Saturday 2nd June 2012, evening
During our extensive(!) research for this review, we noted that whilst Robert Louis Stevenson’s novella ‘The strange case of Dr Jekyll and Mr Hyde’ has inspired a vast number of adaptations, none of the best-known ones have stayed faithful to the original. This was never more apparent than in Frank Wildhorn’s musical version, which, not content with portraying Stevenson’s horrific tale of transformation and the eternal battle between good and evil, seems to want to turn the story into ‘Dr Jekyll and Jack the Ripper’. Described on the official website as a ‘rousing gothic musical’ in which ‘murder and chaos run rampant in this engaging thriller’, we find the words ‘lily’ and ‘gilding’ springing to mind. And the trailer for morphic graffiti’s new version continues the theme.
Having heard some of the music (well, mostly ‘This is the Moment’), we couldn’t miss this opportunity to slope off to the Union Theatre in Southwark (described by Mark Shenton as ‘fast becoming the National Theatre of fringe’) for a fully staged version. Given the size of the cast compared to the size of the theatre (we calculate an audience to cast ratio of less than three to one), we have to give them ten out of ten for ambition. In many ways, Luke Fredericks uses the space creatively to great effect, and we particularly enjoyed the surround-sound chorus with members of the cast circling the auditorium. A lot of thought had clearly gone into the use of the space, with a cleverly designed set and well-choreographed set pieces, as well as some judicious use of projections. Our only gripe was that, sitting at the back on a raised platform, we were unable to see the bottom third of the action, a slight disadvantage when it came to various characters kneeling, lying or slumping on the floor.
In this production, the Victorian setting has been brought right up to date. However, setting a morality tale in modern times does bring its own problems, as we have previously explored in our review of OperaupClose’s Don Giovanni. Here, Jekyll is an ambitious Doctor who is trying to convince an NHS hospital trust to allow him to experiment on their mental patients. Not only has modern understanding of mental illness moved on somewhat, but it is much harder to show truly shocking acts of evil in a modern setting. It is too easy for banality to set in – never more than in the sight of Jekyll putting on a hoodie for his night-time rampages.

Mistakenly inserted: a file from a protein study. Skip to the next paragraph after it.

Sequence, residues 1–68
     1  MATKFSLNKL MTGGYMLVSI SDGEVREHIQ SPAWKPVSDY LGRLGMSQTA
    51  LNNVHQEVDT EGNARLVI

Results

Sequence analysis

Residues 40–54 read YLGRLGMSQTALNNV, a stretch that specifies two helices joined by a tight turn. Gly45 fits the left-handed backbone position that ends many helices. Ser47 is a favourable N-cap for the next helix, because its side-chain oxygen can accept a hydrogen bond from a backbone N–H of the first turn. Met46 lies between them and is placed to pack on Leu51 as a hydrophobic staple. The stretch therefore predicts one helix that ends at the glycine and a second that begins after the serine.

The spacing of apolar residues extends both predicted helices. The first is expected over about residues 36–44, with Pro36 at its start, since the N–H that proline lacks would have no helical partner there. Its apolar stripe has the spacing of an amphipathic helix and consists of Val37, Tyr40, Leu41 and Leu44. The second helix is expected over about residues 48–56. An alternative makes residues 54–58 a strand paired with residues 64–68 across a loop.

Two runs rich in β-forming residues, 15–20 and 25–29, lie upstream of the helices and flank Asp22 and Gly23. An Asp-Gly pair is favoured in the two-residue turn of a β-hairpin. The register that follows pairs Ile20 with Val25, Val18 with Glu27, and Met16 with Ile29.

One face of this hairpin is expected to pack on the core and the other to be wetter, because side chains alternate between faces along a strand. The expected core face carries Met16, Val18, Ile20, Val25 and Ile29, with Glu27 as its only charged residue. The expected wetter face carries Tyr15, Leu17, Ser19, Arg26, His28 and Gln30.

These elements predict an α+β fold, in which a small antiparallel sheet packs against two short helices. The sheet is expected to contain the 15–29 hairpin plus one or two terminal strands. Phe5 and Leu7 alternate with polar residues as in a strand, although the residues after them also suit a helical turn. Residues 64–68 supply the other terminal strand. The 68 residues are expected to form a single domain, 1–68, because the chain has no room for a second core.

Tim Rogers clearly likes a challenge and he has some momentous moments playing Jekyll/Hyde; the low-key start to the delivery of ‘This is the moment’ works very well, although it is as Hyde that he reaches his high-points, with a powerful vocal delivery. The intention was clearly to give a naturalistic portrayal, but without the distancing effect of the Victorian code of morals, this seems an impossible task, and ultimately we missed the sense of inner conflict of the character(s), surely a fairly essential part of this story.
As Lucy Harris, Madalena Alberto brings an assured dancing and singing ability, admirably showcased in the number ‘Bring on the Men’, and she is passionate as the ill-fated prostitute, although she seems a bit too street-wise to become such an easy victim. Vocally, we would have to say our favourite was Joanna Strand as Jekyll’s fiance Emma Carew, whose clear and melodious voice matches her dignity as the would-be wife who desperately wanted to go on Jekyll’s journey with him but is left behind (of course she might not have been so keen if she’d known where he was going). The cast worked well together, supported by a small band delivering an impressive sound. The production was fast-paced and energetic, but this seemed to be at the expense of clear story-telling. Like Emma, we are left behind, unable to experience the true horror of Jekyll’s predicament.